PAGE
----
National, News

MPs grumble over CDF deficit

Charles K Mark

National Legislative Assembly Specialized Committee for Constituency Development Fund (CDF) has been allocated SSP 47.8 billion in 2023–2024 fiscal budget, the first after independence.

Constituency Development Fund (CDF) is a 3% amount of a financial year budget allocated to lawmakers’ constituencies’ essential community developmental projects.

The national assembly, on Friday last week, passed a whooping SSP 2.1 trillion national budget, of which, 3 percent was allocated to the CDF fund.

Despite the good move by the parliament to credit the CDF account, the committee is in tears that their allocation has been under-computed. The committee couldn’t recall that their chest has been dormant almost since before independence,

Chairperson of the specialized committee for CDF in the national parliament, Peter Lomude, shares their grievance to No. 1 Citizen Daily English Newspaper in an exclusive interview.

We tried our level best in the committee to say, Look, it is mandatory; the CDF is mandatory because it is by law that let the parliament consider cutting from the contingency the 5.5 billion to be added to the CDF to conform with the provisions of what is in the law,” he continued.

Though the CDF committee chairperson attested that for the last 10 years, the funding has not been operational, he decries the deficit.

“Oil revenue was SSP 245,000,000,000, so the 3 percent of that is supposed to be SSP 53 billion to go to the CDF,” Lomude complained.

He said the approved amount was under-calculated by SSP 5.5 billion shortfall.

According to Lomude, the committee decided to maintain the 47.8 billion SSP that was passed and ascended to by the president and allocated for the constituencies for 2023-2024 financial year.

“We want to put all this preparation in place so that we will start to ask the Minister of Finance and plan to disburse this money into the account of the CDF,” he said.

He revealed that the CDF account has not been working for the last ten years, adding that the committee wants to know what is in that account first.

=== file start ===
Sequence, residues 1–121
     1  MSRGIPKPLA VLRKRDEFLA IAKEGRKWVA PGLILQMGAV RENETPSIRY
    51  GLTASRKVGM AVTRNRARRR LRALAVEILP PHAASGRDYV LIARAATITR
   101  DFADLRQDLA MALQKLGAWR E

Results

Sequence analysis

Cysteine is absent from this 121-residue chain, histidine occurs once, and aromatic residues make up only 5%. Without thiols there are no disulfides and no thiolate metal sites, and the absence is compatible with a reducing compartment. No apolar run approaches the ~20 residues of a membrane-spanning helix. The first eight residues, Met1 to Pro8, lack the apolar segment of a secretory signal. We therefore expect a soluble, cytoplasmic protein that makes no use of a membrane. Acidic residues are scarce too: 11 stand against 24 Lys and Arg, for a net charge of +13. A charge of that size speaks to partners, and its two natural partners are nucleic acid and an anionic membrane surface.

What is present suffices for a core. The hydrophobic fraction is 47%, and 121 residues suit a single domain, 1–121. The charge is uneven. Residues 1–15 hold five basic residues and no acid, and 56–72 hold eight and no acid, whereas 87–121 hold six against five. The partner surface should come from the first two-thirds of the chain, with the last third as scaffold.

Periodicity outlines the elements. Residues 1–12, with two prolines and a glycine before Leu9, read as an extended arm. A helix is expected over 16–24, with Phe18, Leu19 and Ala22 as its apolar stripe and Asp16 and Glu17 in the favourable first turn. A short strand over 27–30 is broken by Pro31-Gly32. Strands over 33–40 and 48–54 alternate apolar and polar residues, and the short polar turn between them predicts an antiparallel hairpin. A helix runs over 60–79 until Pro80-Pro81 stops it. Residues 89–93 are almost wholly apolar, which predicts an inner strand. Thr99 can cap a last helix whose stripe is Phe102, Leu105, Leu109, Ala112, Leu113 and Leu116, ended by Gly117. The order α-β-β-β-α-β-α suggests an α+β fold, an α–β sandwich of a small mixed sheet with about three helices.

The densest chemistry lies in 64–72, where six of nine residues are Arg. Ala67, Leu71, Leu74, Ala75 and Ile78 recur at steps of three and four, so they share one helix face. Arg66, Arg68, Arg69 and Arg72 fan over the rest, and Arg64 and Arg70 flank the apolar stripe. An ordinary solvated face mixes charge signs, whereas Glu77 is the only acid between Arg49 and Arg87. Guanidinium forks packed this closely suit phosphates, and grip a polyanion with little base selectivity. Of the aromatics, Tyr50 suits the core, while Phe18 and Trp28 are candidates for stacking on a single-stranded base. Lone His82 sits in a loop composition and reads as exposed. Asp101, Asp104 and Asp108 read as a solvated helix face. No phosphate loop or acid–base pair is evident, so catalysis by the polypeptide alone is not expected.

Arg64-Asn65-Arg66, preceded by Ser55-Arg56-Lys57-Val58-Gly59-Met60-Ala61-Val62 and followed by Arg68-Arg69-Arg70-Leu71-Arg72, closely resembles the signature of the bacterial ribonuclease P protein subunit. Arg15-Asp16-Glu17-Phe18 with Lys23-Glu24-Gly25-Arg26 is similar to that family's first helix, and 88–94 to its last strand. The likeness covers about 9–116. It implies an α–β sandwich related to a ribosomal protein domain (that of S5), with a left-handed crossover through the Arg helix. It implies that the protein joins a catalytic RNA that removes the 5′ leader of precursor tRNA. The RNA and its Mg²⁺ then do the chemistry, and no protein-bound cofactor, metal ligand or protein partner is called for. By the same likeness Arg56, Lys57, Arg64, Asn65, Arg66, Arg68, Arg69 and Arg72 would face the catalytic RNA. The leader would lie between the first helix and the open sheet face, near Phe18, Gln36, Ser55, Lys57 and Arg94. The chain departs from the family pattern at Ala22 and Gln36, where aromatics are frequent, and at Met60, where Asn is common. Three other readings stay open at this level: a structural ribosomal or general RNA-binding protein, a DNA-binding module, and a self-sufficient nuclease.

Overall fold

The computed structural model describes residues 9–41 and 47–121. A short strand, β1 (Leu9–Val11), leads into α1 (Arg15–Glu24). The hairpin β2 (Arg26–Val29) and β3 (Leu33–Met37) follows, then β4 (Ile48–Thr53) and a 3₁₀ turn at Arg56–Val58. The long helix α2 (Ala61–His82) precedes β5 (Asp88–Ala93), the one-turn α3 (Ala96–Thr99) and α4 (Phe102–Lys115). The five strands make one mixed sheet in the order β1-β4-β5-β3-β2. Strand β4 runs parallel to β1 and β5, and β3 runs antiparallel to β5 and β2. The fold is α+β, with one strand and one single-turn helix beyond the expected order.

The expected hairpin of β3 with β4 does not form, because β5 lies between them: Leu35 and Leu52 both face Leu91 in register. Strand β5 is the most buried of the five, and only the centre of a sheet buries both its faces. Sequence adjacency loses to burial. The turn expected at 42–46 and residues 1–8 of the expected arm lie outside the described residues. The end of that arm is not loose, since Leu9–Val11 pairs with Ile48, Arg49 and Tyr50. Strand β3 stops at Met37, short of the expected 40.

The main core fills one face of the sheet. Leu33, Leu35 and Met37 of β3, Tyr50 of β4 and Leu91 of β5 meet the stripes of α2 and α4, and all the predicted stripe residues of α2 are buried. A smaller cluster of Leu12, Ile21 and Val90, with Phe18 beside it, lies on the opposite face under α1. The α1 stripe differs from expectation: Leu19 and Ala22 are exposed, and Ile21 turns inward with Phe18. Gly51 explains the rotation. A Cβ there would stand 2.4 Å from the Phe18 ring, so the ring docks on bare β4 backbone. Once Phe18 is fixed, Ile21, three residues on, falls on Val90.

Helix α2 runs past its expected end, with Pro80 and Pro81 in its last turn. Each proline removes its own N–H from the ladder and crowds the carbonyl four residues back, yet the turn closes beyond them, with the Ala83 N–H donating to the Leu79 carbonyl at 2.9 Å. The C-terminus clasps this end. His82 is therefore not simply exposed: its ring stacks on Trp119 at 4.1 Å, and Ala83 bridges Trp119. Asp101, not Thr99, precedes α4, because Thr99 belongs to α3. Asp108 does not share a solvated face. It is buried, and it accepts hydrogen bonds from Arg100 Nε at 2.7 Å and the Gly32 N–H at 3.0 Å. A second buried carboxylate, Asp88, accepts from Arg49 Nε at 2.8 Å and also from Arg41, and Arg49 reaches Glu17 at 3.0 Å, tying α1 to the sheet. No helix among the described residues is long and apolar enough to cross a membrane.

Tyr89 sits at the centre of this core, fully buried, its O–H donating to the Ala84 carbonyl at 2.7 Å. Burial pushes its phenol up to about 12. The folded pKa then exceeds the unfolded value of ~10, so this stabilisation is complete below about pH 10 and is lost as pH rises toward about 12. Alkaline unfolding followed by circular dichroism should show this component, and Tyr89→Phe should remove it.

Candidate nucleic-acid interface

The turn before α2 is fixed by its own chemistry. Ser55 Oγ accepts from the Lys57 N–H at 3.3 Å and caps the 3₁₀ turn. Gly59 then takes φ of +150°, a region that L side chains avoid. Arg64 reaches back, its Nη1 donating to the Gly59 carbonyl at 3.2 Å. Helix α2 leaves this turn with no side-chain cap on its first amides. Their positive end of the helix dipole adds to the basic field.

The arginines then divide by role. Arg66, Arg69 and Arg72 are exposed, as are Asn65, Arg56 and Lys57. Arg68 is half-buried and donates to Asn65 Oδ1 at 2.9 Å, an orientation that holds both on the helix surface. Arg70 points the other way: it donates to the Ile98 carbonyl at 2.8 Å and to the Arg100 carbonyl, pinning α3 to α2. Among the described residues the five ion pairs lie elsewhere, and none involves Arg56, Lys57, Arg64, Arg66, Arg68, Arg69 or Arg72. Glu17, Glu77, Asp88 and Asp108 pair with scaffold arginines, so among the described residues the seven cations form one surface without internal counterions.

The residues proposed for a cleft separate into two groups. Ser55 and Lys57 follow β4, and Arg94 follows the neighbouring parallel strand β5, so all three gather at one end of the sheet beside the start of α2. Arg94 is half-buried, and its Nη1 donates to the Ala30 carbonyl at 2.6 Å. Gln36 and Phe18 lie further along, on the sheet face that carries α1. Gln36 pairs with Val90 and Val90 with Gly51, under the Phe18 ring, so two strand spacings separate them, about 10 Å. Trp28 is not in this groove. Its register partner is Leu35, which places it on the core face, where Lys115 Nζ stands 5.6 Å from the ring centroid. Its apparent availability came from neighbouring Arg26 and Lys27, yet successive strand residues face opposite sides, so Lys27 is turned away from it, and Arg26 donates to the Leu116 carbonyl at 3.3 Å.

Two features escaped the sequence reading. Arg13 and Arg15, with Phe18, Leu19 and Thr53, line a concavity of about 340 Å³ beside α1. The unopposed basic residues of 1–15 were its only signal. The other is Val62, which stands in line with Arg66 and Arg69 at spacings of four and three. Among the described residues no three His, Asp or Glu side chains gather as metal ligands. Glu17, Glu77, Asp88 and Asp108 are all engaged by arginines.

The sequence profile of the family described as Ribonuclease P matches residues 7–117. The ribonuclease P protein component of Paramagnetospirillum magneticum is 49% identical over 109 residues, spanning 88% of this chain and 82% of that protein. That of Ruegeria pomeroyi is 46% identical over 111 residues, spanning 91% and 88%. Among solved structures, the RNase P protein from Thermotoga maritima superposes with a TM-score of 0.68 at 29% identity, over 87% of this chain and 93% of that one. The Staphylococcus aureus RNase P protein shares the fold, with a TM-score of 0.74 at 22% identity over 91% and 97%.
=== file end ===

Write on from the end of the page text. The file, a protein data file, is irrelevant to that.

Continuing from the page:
“We are able to identify the gaps. Some of the things that are promoting corruption within the CDF are that, first of all, the previous CDF members, the people who are in charge of the committee, were not supervising these projects in accordance with what is required in the law.” He noted.

The specialized committee chairperson further stressed that the lawmakers don’t have any right to hold the CDF money meant for development projects in their respective constituencies.

“The law requires that this money from the account of the CDF goes to a bank account opened in the name of each constituency. So, the idea of how MPs accessed this money previously was a mistake, and we are going to correct this,” Lomude stated.

The CDF chair said they will employ access to information as an important way to promote transparency and accountability.

“We want to ensure that the community and the general public, especially the constituencies, are fully involved in the process of supervision of the CDF project so that we guarantee transparency and accountability in the utilization of the CDF.” He hinted.

It was on March 20, 2023, during the reopening of the parliament, that President Salva Kiir supported the parliament and directed the former minister of finance to release the arrears owed to the CDF fund and to consider the allocation in the budget.


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